The collection of non-project money in instalments and reuse the same to add more beneficiaries is another innovative way to continue the programme even after completion of project period and make project self sustainable over the period of time.


General Impact:


-        Around 200 people with project and many more will subsequently get pollution free lighting and means of communication with the establishment of Solar Power System in their houses.


-        Skill development of 20 youth in assembling of LED bulbs and repair and maintenance of the System to provide employment in villages itself.


Impact on income and employment:


-         The EMI are only for 10 months and beneficiary will have full ownership of system and for next 15 years, they will save total amount of Rs. 54,000/- (US$ 900). They will also be immune from the rising cost of electricity.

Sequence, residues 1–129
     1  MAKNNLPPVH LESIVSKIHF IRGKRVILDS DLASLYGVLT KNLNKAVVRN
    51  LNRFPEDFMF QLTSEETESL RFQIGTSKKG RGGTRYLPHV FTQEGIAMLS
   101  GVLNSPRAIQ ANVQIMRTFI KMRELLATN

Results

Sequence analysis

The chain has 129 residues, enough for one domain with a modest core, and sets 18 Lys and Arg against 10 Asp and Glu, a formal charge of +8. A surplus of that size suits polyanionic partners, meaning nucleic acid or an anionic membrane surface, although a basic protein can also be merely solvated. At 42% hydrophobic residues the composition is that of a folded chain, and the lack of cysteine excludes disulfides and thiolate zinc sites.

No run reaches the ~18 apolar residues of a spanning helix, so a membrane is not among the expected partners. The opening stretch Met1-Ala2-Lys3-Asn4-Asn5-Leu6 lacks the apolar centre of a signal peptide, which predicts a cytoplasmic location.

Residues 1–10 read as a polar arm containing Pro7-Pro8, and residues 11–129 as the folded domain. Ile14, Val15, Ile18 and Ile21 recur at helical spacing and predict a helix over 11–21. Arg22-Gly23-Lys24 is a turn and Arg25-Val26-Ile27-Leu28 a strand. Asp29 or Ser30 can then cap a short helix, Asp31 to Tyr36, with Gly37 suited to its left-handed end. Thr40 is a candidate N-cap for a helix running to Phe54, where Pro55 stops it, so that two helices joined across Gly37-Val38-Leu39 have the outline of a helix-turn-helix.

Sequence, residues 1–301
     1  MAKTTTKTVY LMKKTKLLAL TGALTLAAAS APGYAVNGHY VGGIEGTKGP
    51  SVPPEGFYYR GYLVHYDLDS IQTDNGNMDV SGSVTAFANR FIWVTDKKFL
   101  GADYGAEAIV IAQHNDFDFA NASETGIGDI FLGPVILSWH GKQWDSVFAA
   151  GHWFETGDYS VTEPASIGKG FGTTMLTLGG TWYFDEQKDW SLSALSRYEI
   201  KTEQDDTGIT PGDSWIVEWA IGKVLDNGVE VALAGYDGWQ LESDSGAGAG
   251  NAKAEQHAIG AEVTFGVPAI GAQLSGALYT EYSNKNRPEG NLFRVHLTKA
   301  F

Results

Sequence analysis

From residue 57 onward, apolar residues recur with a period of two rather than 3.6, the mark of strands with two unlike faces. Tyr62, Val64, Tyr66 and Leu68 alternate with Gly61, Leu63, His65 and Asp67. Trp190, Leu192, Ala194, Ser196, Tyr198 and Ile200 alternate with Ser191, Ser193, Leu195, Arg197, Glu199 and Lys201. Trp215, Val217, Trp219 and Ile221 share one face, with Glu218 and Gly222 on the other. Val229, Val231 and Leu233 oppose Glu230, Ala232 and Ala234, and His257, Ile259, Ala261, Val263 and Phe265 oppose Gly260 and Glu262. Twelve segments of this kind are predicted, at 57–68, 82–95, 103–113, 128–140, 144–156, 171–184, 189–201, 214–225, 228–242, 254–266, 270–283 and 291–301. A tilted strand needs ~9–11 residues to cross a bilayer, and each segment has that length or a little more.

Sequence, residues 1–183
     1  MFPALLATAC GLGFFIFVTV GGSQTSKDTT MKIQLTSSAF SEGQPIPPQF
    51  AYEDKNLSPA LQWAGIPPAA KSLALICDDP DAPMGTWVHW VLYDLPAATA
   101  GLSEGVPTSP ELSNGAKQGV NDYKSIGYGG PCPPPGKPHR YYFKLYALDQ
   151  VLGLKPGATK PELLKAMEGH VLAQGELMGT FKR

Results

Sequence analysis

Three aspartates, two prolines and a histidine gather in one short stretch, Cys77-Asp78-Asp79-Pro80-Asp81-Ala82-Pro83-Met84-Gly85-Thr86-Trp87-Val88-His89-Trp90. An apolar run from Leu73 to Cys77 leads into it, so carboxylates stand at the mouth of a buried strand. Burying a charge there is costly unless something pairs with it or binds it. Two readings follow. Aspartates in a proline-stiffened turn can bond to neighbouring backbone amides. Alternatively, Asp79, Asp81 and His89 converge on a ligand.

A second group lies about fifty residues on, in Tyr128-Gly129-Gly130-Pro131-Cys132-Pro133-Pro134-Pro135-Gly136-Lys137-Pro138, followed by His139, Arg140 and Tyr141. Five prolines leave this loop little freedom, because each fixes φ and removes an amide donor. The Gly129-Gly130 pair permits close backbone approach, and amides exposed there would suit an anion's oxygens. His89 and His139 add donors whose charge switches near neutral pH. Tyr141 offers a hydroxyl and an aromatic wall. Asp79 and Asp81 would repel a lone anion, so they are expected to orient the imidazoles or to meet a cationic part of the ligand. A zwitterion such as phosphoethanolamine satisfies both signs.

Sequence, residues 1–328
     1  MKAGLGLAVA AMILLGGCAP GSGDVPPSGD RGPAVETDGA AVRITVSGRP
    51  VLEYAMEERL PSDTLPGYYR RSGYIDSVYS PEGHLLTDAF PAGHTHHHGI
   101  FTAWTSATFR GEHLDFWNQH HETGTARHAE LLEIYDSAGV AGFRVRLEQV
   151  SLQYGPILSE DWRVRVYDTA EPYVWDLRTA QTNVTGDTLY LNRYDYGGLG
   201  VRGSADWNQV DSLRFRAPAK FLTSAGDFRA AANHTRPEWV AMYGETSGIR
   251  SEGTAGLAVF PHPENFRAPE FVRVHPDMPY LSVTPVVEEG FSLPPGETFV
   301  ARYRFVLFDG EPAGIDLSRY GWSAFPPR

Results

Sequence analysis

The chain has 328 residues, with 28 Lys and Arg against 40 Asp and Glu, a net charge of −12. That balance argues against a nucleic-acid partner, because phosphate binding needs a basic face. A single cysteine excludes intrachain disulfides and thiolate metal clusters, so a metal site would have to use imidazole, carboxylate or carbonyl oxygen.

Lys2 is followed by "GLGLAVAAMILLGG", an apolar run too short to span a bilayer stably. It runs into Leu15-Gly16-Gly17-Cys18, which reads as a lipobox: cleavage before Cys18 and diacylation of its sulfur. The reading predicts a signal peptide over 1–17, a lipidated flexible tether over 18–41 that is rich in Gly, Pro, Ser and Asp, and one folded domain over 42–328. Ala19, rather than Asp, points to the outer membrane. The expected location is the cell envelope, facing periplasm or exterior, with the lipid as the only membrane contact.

-        With more working hours at their disposal, the family members will do more productive work leading to increase household income and children will get time for their studies.


-        Mobile charging facility will enhance the penetration of mobile technology and increase communication with outside world.


Impact on Environment:


-        With the use of clean energy use of kerosene will be stopped leading to reduction in green house gases.


-        Better environment in houses with no fumes of kerosene.


Impact on Health:


-        Use of kerosene causes many respiratory and eye diseases among HH members in general and women in particular. The Solar System will reduce the occurrence of such diseases leading to better health and increased productivity.